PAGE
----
FIG. 2.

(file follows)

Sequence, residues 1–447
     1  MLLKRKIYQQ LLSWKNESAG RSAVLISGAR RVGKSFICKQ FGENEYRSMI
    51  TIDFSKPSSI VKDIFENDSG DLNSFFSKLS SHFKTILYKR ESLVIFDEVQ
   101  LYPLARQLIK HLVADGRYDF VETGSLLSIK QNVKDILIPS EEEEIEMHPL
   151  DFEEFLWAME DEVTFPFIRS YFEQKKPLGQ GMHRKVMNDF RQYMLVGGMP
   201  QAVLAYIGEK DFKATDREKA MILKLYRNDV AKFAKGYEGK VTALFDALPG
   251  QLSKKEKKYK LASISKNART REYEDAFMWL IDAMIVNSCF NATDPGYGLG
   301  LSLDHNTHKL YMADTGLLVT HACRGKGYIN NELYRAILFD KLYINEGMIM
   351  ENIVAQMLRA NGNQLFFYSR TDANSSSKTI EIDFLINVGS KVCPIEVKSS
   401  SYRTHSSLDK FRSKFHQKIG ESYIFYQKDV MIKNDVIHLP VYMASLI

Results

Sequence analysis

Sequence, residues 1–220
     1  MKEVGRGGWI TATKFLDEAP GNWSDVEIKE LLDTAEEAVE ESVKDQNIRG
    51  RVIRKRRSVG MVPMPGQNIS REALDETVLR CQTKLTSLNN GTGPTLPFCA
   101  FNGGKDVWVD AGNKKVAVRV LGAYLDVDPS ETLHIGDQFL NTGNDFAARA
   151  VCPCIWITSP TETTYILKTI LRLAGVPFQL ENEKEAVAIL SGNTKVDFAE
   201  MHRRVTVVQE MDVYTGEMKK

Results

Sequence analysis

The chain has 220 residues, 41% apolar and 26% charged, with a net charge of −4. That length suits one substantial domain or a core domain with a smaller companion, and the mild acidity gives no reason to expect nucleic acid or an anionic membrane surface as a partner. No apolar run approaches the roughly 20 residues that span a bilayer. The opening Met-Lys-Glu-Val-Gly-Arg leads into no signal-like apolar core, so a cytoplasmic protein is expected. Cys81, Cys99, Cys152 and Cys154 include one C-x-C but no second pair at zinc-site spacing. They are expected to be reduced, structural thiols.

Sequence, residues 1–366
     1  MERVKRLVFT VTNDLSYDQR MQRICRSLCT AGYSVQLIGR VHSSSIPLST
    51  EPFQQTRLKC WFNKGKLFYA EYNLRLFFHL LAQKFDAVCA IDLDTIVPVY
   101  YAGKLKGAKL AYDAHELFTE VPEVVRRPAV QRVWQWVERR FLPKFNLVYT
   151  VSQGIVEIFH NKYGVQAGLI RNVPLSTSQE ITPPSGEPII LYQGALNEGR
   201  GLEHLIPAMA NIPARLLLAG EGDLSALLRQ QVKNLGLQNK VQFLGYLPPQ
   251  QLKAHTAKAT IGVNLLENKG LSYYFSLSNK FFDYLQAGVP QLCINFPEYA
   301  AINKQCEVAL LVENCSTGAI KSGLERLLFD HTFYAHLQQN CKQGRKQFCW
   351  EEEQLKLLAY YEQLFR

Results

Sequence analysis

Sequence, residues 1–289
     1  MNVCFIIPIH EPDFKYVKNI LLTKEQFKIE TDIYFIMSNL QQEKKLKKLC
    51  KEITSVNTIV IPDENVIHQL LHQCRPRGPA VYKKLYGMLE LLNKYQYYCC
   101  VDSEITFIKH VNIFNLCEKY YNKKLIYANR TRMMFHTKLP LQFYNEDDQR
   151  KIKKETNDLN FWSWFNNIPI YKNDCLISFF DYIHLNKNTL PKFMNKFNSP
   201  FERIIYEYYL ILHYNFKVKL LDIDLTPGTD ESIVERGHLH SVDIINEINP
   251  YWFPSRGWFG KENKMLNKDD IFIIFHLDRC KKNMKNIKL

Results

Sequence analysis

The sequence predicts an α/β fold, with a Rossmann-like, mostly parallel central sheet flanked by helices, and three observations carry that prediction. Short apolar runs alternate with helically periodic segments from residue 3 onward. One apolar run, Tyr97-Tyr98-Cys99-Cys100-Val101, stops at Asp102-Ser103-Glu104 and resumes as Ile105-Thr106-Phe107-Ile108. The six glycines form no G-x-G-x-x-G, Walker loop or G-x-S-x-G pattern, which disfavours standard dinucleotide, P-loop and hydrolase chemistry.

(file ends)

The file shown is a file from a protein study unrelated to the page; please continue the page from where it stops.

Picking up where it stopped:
Constructs with wild-type and variant MC3R were co-transfected with pCRE-Luc into HEK293 cells and stimulated with varying amounts of α-MSH. The y-axis represents the fold increase over basal relative light units, which is the ratio of luminescence generated by firefly luciferase (from pCRE-Luc) to Renilla luciferase (from pBudCE4/Renilla/MC3R construct); the data are expressed as such to normalize for transfection efficiency and amount of MC3R produced. This represents the amount of cAMP generated with increasing concentration of the ligand α-MSH (represented by the x-axis). Each data point represents the mean and SE range of at least three independent experiments performed in triplicate. A: There is a significant reduction in 6K/81I MC3 receptor compared with wild type (normalized fold activity over basal 94.42 [95% CI 88.26–100.6] vs. 106.2 [102.4–110.1]; P < 0.01). B: There was severely impaired generation by the Ile183Asn mutant MC3 receptor (with 6K/81I) compared with the MC3R with 6K/81I. The Met134Ile mutant MC3 receptor (with 6K/81I) dose-response curve is shifted to the right, with a significantly higher EC50 value compared with receptor with 6K/81I (2.051 × 10−9 [95% CI 1.358 × 10−9 to 3.097 × 10−9] vs. 7.408 × 10−10 [5.008 × 10−10 to 1.096 × 10−9]; P = 0.0005). C: Ile183Asn mutant receptor actually exhibits a small response to MSH stimulation. Note magnified scale of y-axis. D: Ala70Thr mutant receptor has significantly reduced response to MSH stimulation compared with wild-type MC3R (normalized fold activity 92.7 [95% CI 86.0–99.3] vs. 106.2 [102.4–110.1]; P < 0.01). E: Competitive ligand binding studies using crude membranes and europium-labeled NDP-MSH at a concentration close to the kilodalton values and competitor αMSH. Data are expressed as a percentage of the maximum counts of europium-labeled NDP-αMSH binding to MC3R. Each point represents the mean and SE range of at least six independent experiments in triplicate.